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Harmonizing Global Care Policy? Care and the Commission on the Status of Women

Bedford, Kate (2010) Harmonizing Global Care Policy? Care and the Commission on the Status of Women. Project report. UN Research Institute for Social Development (KAR id:25003)

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In March 2009 Member States of the United Nations met in New York at the Commission on the Status of Women (CSW) to discuss, among other things, the priority theme of “The equal sharing of responsibilities between women and men, including care-giving in the context of HIV/AIDS”. This meeting provided an unprecedented opportunity to focus the international community’s attention on care issues and to generate Agreed Conclusions that would lay out a roadmap for care policy, potentially influencing national legislation, policies adopted by UN entities and future international agreements. Using interviews with participants and an overview of official documentation, this paper seeks to summarize the achievements of the 2009 CSW, and to suggest where policy conversations about care might usefully focus next.

In an attempt to consider where care conversations might usefully focus next, the paper closes with a discussion of two issues that received less attention at the 2009 CSW: disability and diversity of family formation. These two issues are highly relevant to care debates, at the UN level and elsewhere, and can help move global policy forward in fruitful directions. That said, policy conversations will need to be reframed to take them into account. This task will in some ways challenge the consensus on care forged at the 2009 CSW. For example, the progress made in carrying forward the global gender equality project via a unifying focus on care is in part based on a consensus about care-givers as the central actors, a position challenged by disability activism and scholarship. Likewise, the agreements forged at the 2009 CSW in many ways entrenched the notion that privatized nuclear family units were a universally desirable model for care provision, a notion challenged by a range of actors who recognize the role of extended family members in care, and/or who want to secure more support for the diverse forms through which care is provided. A reframing of care debates will be necessary if new alliances with such actors are to be forged and strengthened. While the paper seeks to explicate the immense value of the Agreed Conclusions forged at the 2009 CSW for future efforts to secure care services, it also aims to explore the limitations of those agreements and highlight the importance of continuing the conversation on care to grapple with current exclusions.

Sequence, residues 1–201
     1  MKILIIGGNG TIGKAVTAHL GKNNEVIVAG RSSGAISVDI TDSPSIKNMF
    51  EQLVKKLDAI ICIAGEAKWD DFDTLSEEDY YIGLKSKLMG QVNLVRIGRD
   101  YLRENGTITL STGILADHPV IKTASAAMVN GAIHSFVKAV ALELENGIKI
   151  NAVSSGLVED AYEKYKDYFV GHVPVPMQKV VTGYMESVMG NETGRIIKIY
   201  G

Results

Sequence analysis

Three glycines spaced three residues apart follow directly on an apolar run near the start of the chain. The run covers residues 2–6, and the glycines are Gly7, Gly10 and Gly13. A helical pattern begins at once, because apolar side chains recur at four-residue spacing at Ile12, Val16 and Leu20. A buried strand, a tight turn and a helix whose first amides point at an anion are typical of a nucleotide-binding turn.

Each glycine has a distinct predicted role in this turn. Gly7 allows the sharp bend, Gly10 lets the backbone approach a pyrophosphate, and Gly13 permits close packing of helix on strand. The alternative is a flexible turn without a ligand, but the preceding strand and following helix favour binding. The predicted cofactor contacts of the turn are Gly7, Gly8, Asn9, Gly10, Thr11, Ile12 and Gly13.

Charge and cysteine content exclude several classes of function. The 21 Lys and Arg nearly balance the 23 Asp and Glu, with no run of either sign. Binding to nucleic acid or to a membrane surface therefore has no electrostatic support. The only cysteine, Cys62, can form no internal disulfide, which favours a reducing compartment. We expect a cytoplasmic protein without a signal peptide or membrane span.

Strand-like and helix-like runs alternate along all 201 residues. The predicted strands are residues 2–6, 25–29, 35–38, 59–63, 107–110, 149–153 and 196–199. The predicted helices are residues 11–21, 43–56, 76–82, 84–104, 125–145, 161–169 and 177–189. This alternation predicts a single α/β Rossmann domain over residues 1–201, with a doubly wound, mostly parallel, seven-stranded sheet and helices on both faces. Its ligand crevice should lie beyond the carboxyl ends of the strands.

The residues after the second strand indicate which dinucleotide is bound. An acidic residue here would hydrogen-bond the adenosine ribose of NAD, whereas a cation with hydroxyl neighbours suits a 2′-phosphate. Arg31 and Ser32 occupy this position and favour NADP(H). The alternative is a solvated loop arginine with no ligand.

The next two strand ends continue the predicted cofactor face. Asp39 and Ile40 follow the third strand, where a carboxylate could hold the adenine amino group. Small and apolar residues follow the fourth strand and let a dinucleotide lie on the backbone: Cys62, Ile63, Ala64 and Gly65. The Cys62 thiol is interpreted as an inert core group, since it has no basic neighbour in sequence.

Item Type: Monograph (Project report)
Projects: [UNSPECIFIED] Political and Social Economy of Care
Additional information: ISSN: 1994-8026
Subjects: K Law
Divisions: Divisions > Division for the Study of Law, Society and Social Justice > Kent Law School
Depositing User: Eve Dyer
Date Deposited: 28 Jun 2010 15:10 UTC
Last Modified: 16 Feb 2021 12:35 UTC
Resource URI: (The current URI for this page, for reference purposes)
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